"Just what type of infection are we talking about here, doctor?" asked Greenspan. His words were slow and deliberate. He knew that he was not going to like the answer.

"Because of the unit's human DNA, it is capable of biological activity as a real human. In this instance, it begins to manufacture the diseases that are most common to Homo sapiens. In this way, its body will begin to produce the antibodies necessary to fight these diseases. It will carry virtually every known disease."

No one in the room spoke. Even those who weren't scientists knew what Dr. Ambecrombe was saying. But they didn't want to admit it. The implications were too horrible to consider. Finally, Dr. Ambecrombe voiced what everyone else already knew.

"This unit's organic body, if it is not recovered within 186 hours, will begin the cellular deterioration. It will also begin producing just about every disease we've ever heard of, transmitting these diseases to anyone it comes into contact with. They, in turn, will continue to spread these diseases to people they come into contact with.

"Because the material used in the construction of the Synthoids is artificial, many of these diseases will mutate before they leave the body. Inoculation against them would be impossible. And even if it was possible, most humans couldn't withstand the massive introduction of the drugs into their systems that would be needed to protect them against the diseases. And there just isn't enough vaccine to go around.

"What I'm describing to you, gentlemen, is a plague of such immense proportions, that the Black Death in Europe would be look like nothing more than a cold by comparison."

"Are we talking about a worldwide epidemic, doctor?" asked Greenspan.

"Yes," said Ambecrombe. "And much more. We could be facing the end of the human race. No one would be immune. Anyone who comes into contact with an infected person would in turn be infected by every disease we know of. The immune systems of those people wouldn't be able to handle such an introduction all at one.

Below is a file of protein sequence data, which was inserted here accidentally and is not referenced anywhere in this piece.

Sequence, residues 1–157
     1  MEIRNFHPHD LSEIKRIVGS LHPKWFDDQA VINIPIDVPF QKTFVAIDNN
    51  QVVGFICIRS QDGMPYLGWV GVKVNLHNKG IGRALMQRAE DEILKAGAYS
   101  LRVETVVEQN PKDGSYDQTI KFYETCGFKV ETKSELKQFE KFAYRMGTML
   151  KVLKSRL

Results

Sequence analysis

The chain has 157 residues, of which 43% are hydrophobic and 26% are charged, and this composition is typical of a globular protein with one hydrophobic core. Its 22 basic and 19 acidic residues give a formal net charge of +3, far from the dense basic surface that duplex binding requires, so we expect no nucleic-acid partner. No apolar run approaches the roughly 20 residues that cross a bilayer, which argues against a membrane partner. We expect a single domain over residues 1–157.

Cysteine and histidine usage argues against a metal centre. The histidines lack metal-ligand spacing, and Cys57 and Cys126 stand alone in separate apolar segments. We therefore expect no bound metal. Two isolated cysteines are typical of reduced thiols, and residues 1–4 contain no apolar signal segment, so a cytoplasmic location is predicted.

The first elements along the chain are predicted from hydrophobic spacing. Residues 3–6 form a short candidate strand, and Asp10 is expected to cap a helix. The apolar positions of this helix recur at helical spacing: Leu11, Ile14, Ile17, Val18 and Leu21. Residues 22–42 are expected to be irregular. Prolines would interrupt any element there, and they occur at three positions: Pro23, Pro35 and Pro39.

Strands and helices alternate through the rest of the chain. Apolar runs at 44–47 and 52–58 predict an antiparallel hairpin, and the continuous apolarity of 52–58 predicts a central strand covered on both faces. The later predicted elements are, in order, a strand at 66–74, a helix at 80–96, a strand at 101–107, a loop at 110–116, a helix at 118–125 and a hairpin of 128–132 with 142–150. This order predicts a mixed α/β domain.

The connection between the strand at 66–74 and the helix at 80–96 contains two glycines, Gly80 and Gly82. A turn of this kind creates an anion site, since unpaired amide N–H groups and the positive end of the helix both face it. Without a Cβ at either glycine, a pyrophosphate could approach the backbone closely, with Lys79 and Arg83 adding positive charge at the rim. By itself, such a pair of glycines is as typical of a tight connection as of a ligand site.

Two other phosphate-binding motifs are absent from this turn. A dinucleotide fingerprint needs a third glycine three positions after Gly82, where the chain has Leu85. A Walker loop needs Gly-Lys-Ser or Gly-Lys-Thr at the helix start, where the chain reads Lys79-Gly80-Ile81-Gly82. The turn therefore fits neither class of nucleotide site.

"When compared with this, AIDS would be considered a minor annoyance. No one would survive. Millions would die. Eventually, no one would be able to fight off the diseases. The human race would cease to exist."

The group sat in stunned silence. Most of the men were prepared for the possibility of mass destruction on a worldwide basis. Political and racial tensions that existed in the world, and the proliferation of nuclear weapons, made such an event a distinct possibility.

But none of them were prepared for this. The end of the human race. And not by any aggression between neighbors that might erupt into world war. But by a simple accident. Senator Greenspan finally composed himself.

"What are our options, doctor?"

"Well," said Ambecrombe, "Our first option is that we find the unit while it is still in suspension. We would then simply return it here and the matter would be closed.

"Our second option is that we find it before the 172 hour time limit runs out. In that case, we can still return it to the lab and inject it with the Dextallon 4.

"But we have one other option. If we can't find it before the time limit runs out," he removed a small vial from his pocket, "we can use this. It's Sallinine. We developed it just for this type of emergency. Once the Synthoid is injected with Sallinine, the genetic breakdown is enhanced. It will completely break down within a matter of minutes instead of hours."

"Isn't that dangerous?" asked Ballinger.

"No," said Ambecrombe. "The breakdown is too rapid for the immune system to be effected. It will stop the spread of the diseases and I think we can handle anything that occurs before that, if it's not too advanced."

"How do we get to the Synthoid to use this?" asked Greenspan.

"That's where I come in," said the man in the suit. He had sat quietly through the entire exchange, not even offering a comment.

"Senator, Congressman, this is Mark Phillips," said Colonel Stone. "With your authorization, we can send Mark out to find the Synthoid. If he can return it to the lab, he will. But if he finds it too late, he can inject it with the Sallinine and solve our problems."